• March 2021

    Rhetoric in Research

    18 March 2021

    Rhetoric in Research Event in Collaboration with 'Speaking Citizens'

    On 18 March 2021, Sussex Centre for Intellectual History, in conjunction with the Speaking Citizens Project, ran an afternoon event on ‘Rhetoric in Research’ for the School of Media, Arts and Humanities at the University of Sussex. This event reflected on how ‘rhetoric’ - or persuasive speech more broadly - features in research and teaching across a variety of disciplines, including History, Art History, Media, Music, Philosophy and English Literature. Participants recognized that the humanities have an important role to play in thinking critically about discussions of ‘free speech’, ‘demagoguery’, ‘fake news’, ‘alternative facts’, etc that pervade public discourse at present and to equip students with the skills to be fully engaged critical citizens. The purpose of the event was to forge connections as a foundation for funding applications and publications.

    Colleagues across the School were given 7 minutes to present on how their research and teaching intersects with the topic of rhetoric or persuasive speech, broadly conceived, with discussion taking place over chat. Topics covered included: ‘Language and Power: A Chinese Perspective on the Art of Persuasion'; 'Emotions and Authority in the Rhetoric of Victorian Popular Science'; ‘Rhetoric from the Margins in Early Modern England’; ‘Rhetoric and the Citizenship Humanities’; ‘The history of feminist voice’; ‘Classical rhetoric and contemporary citizenship education: a winning formula?’; ‘Epideictic Rhetoric’; ‘Emerson, Thoreau, Foucault, sincerity, fearless speech, stoicism, and cynicism’; ‘The Rhetoric of Computational Structure’ ‘Caesarism, demagogues, and the politics of speech’; ‘Language and Persuasion’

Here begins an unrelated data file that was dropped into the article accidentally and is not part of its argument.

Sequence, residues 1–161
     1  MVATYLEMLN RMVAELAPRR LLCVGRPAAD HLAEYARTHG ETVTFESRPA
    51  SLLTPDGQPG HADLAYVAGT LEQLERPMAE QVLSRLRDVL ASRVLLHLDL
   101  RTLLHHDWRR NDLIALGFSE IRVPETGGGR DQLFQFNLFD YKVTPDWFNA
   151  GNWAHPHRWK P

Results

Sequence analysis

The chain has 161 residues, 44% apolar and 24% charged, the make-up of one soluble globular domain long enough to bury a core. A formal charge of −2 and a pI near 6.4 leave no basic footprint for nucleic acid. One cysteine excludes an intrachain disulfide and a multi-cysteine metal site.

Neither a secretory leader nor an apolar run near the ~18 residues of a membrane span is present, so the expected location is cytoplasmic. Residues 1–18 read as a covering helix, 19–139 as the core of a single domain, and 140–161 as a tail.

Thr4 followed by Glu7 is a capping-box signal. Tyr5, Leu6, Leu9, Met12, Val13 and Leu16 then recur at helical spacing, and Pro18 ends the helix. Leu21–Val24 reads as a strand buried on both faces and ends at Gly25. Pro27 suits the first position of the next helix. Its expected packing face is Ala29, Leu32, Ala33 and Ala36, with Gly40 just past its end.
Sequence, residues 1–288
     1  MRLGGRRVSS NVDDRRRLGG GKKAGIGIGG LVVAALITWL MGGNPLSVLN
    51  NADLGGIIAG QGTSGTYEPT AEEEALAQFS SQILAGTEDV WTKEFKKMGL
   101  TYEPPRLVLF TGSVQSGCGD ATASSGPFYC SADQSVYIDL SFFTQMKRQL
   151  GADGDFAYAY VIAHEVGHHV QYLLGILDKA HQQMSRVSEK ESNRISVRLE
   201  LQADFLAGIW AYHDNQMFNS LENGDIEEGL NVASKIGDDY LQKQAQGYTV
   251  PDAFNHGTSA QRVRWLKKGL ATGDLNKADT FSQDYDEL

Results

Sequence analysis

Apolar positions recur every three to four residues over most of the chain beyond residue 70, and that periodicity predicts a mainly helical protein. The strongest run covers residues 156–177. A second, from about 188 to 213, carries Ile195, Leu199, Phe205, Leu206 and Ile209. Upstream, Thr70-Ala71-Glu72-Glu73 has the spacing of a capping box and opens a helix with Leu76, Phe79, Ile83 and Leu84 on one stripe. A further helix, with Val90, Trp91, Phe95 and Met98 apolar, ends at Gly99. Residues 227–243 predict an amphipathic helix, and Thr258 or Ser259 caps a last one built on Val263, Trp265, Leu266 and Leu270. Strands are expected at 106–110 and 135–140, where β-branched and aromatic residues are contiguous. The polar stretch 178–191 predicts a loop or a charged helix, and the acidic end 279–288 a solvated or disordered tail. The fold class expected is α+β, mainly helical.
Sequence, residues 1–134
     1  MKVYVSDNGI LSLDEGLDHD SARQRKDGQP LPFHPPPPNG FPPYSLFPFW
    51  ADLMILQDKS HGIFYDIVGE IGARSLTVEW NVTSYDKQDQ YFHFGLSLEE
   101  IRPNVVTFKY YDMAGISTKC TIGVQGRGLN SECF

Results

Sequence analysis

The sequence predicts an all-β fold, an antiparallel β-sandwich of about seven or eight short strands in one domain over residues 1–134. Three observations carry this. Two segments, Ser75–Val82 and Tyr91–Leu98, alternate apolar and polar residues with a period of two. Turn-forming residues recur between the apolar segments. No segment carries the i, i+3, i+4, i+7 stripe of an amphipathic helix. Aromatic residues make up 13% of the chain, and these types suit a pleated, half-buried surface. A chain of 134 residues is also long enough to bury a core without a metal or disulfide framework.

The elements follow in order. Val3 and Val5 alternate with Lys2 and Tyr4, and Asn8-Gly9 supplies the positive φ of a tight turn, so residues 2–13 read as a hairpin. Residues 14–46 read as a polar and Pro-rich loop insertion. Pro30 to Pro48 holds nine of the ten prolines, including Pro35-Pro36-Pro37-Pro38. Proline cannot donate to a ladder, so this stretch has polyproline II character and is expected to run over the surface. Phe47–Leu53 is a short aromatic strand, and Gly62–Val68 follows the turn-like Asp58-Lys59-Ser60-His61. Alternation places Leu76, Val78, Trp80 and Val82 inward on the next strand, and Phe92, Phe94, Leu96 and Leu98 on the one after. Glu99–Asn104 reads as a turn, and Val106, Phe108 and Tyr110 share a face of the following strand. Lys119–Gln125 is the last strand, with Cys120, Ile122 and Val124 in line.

Discussions are ongoing about next steps and ways forward. If you would like to participate in these discussions, please email Centre co-director, Dr Joanne Paul.

    Early modern image of a personification of rhetoric
  • February 2021

    Women's International Thought - Book Launch

    11 February 2021

    Launch event for "Women's International Thought"

    Online book launch for Patricia Owens and Katharina Rietzler's Women's International Thought: A New History (Cambridge University Press), with contributions from Duncan Bell (Cambridge), Synne Dyvik (Sussex) and Matthew Specter (Berkeley), and a live Q and A with the editors.

    Women's International Thought Book Cover
  • April 2020

    Counsel and Command - Book Launch

    30 April 2020

    Launch event for Joanne Paul's "Counsel and Command"

    Online book launch for Joanne Paul's book, Counsel and Command in Early Modern English Thought (Cambridge University Press), with contributions from Vanessa Lim (QMUL) and Quentin Skinner (QMUL).

    Cover of Joanne Paul Counsel and Command book
  • February 2020

    John Burrow Memorial Lecture 2019

    13 February 2020

    Anna Becker (Aarhus): “'Framed of Flesh and Bones, to Serve the Soul': Rethinking the Early Modern Body Politic”

    The history of political thought has not yet had a bodily turn or a material turn in the same way other historical disciplines have had them. Motivated by the quest of understanding how our modern abstract idea of the state came into being, historians of political thought have perhaps not fully explored the implications of the body of the body politic. Turning upside-down a well-established focus in the history of political thought, this lecture will favour flesh over thought, body over artifice and the concrete over the abstract. Bringing politics in the realm of the tangible in this way can help us probe purported boundaries that target the heart of politics; namely the boundaries that seem to exist between the political and the apolitical, the public and private, the male and the female, and the state and nature.

    Poster for Anna Becker John Burrow Memorial Lecture
  • November 2019

    Donald Winch Memorial Lecture 2019